Chapter

The Media of Sublimity: Johnson and Lamb on King Lear

Jonathan Arac

in Impure Worlds

Published by Fordham University Press

Published in print November 2010 | ISBN: 9780823231782
Published online September 2011 | e-ISBN: 9780823241149 | DOI: http://dx.doi.org/10.5422/fordham/9780823231782.003.0002
The Media of Sublimity: Johnson and Lamb on King Lear

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Lamb's essay is one of the rare romantic works that actually much used the term “sublime” that clearly displays the transfer of religious terms of value into a new psychological space. The “semi-ethnical criterion” of “sublimity” which started in the early 1970s banished the canonical discourse of literary modernism. The history of the sublime in our cultural practices, our reading and our discourse of reading, is intimately bound up with what in Discipline and Punish and The History of Sexuality by Michel Foucault explored as the genealogy of the “post-Christian soul”. Contrary to the almost unanimous belief in our current critical speculation, the sublime does not always function for liberation; it has served as an agency of consolidation, and it may again. In addition, the comparison between Lamb and Johnson is discussed.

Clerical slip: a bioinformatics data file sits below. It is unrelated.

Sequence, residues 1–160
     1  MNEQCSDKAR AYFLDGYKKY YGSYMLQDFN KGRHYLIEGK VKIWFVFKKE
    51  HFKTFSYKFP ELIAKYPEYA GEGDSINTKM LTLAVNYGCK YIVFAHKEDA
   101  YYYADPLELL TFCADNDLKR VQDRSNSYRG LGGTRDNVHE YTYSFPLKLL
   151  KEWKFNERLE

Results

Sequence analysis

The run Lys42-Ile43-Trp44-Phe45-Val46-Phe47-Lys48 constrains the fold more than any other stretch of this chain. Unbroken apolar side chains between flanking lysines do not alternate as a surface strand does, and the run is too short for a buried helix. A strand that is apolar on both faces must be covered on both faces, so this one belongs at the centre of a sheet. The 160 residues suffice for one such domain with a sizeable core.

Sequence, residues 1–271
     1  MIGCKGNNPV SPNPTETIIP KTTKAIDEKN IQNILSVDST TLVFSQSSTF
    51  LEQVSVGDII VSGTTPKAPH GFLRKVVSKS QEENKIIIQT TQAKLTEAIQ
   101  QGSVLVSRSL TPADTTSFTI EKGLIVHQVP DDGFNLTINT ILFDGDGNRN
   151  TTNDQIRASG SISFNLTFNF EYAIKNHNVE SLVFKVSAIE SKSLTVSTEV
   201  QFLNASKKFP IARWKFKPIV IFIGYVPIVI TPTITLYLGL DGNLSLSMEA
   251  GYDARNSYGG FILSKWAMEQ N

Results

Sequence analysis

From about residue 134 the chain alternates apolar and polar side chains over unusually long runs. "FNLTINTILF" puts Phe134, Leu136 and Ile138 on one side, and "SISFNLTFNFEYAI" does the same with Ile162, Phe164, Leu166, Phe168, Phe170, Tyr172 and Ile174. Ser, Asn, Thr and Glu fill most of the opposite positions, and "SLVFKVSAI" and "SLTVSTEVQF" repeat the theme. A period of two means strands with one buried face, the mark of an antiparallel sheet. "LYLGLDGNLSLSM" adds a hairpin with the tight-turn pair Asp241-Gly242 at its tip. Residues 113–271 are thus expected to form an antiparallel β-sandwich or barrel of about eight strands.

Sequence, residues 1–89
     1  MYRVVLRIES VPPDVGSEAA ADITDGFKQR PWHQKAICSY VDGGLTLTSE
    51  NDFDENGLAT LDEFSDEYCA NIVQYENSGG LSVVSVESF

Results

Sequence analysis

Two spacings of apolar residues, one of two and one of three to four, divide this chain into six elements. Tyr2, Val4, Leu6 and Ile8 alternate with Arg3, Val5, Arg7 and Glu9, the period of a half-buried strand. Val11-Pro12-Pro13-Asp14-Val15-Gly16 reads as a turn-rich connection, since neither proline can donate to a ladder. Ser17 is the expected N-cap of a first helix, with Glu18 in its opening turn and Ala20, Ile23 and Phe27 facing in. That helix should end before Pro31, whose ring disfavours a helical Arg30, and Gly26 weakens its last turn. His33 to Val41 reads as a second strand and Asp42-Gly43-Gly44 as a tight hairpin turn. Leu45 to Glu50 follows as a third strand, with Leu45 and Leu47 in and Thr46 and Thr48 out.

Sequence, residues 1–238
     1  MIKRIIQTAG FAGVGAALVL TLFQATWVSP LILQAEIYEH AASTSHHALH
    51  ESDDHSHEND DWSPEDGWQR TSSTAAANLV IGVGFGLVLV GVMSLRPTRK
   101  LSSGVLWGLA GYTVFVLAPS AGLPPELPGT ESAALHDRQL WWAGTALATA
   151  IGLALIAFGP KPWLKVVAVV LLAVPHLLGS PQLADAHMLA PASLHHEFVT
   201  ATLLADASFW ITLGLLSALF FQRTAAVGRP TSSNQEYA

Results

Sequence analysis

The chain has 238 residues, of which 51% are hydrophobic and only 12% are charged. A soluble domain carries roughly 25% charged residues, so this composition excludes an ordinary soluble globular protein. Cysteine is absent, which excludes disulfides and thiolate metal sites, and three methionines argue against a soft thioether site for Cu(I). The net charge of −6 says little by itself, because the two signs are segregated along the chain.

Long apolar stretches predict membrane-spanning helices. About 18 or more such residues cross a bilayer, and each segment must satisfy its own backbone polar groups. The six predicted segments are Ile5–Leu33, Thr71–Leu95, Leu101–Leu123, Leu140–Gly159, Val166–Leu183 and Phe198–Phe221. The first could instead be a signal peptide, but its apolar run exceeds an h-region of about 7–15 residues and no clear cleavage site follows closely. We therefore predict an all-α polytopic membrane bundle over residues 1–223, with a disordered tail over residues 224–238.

Keywords: Johnson; Lamb; sublime; religious terms; semi-ethnical criterion; sublimity; consolidation; modernism

Chapter.  4241 words. 

Subjects: Literary Theory and Cultural Studies

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